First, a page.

Archive for the ‘Health’ Category

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Let’s make 2019 the year Canada finally gets pharmacare (2)

Saturday, January 12th, 2019

Canada’s dysfunctional non-system of non-universal drug insurance goes into the ring with one big advantage: It’s the status quo. It exists, through hundreds of government programs and thousands of workplace arrangements and collective agreements. Canadians will have to be persuaded that reform will improve their existing coverage, or at least leave it unchanged.

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Fate of Ontario Drug Benefit could define federal election

Friday, January 11th, 2019

Premier Doug Ford is… likely to gut the Ontario Drug Benefit seniors’ program. How the federal Liberals and NDP respond to this challenge will define their parties’ visions for the country and determine the election results… Ford inherited a $6-plus billion deficit and he’s blown that up with tax reductions and lost law suits… Cutting the ODB seniors’ program and implementing a Quebec or Manitoba-style plan could save $2 billion in one fell swoop.

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The secret moves to increase private health care

Thursday, January 10th, 2019

Secretly… a major multi-faceted campaign is underway inside and outside the premier’s office to develop a two-tier system of health care in Ontario, complete with specialized private clinics and the ability of some doctors to charge more than standard rates for medical procedures they perform outside of a public hospital or health centre… Insurance firms are excited about the possibility of increased private health care. They see huge profits in offering corporations private insurance programs for employees who visit private clinics…

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What many Canadians don’t know about the Canada Health Act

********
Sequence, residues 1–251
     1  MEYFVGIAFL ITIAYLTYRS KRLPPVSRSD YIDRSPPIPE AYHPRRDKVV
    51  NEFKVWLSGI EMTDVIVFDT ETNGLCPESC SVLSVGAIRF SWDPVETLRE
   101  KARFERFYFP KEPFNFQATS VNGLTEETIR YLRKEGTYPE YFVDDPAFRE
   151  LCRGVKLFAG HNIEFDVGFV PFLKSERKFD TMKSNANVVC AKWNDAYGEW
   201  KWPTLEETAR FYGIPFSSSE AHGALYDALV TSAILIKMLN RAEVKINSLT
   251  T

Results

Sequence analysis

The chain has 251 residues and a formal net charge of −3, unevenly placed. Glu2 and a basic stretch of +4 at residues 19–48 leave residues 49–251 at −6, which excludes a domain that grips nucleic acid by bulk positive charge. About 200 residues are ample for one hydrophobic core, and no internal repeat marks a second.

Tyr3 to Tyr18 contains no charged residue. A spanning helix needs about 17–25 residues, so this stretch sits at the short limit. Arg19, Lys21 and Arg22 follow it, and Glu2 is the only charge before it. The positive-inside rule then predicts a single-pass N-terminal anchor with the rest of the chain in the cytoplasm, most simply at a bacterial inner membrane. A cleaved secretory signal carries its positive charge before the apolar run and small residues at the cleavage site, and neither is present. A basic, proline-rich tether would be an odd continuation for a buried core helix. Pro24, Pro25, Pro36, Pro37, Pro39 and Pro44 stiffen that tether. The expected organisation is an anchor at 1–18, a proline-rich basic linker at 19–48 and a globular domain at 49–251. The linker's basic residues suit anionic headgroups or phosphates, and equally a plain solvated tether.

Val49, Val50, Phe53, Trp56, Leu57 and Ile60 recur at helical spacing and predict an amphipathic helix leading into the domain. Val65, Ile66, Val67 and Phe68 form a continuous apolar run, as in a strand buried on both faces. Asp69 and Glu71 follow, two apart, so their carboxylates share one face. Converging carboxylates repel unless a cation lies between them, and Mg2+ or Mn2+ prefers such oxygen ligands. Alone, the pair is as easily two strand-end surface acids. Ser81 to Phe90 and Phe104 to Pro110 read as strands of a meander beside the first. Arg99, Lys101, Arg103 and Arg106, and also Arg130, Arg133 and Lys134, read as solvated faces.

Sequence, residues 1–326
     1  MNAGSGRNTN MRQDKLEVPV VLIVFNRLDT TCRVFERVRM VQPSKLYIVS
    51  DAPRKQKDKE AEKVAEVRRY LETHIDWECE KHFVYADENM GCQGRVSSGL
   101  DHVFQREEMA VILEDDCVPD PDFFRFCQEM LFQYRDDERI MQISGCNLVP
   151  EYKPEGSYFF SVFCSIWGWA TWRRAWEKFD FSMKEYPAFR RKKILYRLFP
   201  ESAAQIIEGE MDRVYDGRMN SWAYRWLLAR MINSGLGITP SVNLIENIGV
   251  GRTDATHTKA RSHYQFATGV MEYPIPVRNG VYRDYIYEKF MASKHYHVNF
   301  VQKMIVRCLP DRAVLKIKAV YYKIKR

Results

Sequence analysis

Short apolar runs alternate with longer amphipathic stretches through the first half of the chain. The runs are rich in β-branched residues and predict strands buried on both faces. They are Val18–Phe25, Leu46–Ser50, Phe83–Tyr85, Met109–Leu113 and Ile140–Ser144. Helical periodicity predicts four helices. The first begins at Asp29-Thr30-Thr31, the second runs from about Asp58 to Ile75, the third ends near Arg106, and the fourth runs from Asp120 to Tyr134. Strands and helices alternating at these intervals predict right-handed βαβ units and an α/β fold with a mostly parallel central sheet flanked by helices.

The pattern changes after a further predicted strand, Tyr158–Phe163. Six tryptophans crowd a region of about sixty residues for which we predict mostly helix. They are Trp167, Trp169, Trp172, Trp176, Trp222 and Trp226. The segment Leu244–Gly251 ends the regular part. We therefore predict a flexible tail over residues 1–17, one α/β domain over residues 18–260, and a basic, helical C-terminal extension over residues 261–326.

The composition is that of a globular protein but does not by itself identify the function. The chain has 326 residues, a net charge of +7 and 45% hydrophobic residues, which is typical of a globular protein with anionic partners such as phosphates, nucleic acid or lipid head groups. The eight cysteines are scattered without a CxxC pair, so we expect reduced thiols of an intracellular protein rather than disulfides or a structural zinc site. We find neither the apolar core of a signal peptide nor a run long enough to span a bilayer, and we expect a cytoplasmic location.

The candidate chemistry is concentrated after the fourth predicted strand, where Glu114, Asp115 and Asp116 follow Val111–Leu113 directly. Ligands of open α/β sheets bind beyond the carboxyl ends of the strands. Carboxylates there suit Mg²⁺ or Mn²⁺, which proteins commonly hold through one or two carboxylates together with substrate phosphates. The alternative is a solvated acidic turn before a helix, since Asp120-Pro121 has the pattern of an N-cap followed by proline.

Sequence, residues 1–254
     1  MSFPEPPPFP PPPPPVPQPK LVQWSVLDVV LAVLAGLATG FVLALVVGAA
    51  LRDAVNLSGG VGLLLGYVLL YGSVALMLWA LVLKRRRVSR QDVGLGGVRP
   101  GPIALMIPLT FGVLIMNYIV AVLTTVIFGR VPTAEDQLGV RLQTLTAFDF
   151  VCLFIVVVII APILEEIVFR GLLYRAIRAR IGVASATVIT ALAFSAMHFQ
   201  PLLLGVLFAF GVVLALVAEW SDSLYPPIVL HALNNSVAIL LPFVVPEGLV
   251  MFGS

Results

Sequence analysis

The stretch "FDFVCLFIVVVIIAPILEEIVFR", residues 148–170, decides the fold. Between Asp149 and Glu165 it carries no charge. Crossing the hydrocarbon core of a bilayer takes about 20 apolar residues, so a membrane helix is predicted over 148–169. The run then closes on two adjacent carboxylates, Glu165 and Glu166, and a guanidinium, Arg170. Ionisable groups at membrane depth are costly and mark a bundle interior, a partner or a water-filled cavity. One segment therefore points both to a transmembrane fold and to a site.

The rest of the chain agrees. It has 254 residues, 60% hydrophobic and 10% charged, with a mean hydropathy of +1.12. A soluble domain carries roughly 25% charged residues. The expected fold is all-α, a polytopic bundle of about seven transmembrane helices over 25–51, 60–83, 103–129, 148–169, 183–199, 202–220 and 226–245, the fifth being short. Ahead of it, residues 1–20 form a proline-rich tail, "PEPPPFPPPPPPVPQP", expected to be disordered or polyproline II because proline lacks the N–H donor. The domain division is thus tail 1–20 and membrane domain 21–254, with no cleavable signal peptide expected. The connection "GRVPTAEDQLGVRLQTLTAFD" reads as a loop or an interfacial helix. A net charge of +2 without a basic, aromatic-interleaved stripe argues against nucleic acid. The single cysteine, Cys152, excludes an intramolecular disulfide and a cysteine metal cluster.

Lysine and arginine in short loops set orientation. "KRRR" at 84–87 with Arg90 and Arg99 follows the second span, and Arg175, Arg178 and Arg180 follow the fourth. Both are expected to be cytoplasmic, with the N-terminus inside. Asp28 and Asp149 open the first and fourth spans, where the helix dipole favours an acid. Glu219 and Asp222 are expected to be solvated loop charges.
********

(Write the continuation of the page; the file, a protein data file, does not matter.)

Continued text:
Wednesday, January 9th, 2019

Public funding is still focused on hospital-based approaches to treating disabilities and chronic conditions, instead of home-care methods, which are much more cost-effective… Prescription drugs provided outside hospital settings are also not covered by the Canada Health Act and require out-of-pocket spending. In 2017, approximately 700,000 Canadians had no prescription drug coverage, while an estimated 3.6 million had inadequate coverage to afford necessary medications.

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Let’s make 2019 the year Canada finally gets pharmacare

Wednesday, January 9th, 2019

If you’re hospitalized and you’re given prescription meds, it’s free. But once you walk out of the hospital with a prescription to fill, you may be on your own. Coverage is a mix of private insurance and out-of-pocket spending, with the provinces and territories filling some of the gaps with a grab bag of local programs, each unique to its jurisdiction, for groups such as seniors and the poor… Government programs are limited and selective, creating a safety net that’s filled with holes.